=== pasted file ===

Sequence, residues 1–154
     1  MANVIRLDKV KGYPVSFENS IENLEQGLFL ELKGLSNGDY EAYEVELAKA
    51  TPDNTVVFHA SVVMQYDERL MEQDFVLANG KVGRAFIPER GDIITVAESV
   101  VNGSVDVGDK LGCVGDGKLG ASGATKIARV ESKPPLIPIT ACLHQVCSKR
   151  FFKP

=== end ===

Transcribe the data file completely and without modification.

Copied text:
Sequence, residues 1–154
     1  MANVIRLDKV KGYPVSFENS IENLEQGLFL ELKGLSNGDY EAYEVELAKA
    51  TPDNTVVFHA SVVMQYDERL MEQDFVLANG KVGRAFIPER GDIITVAESV
   101  VNGSVDVGDK LGCVGDGKLG ASGATKIARV ESKPPLIPIT ACLHQVCSKR
   151  FFKP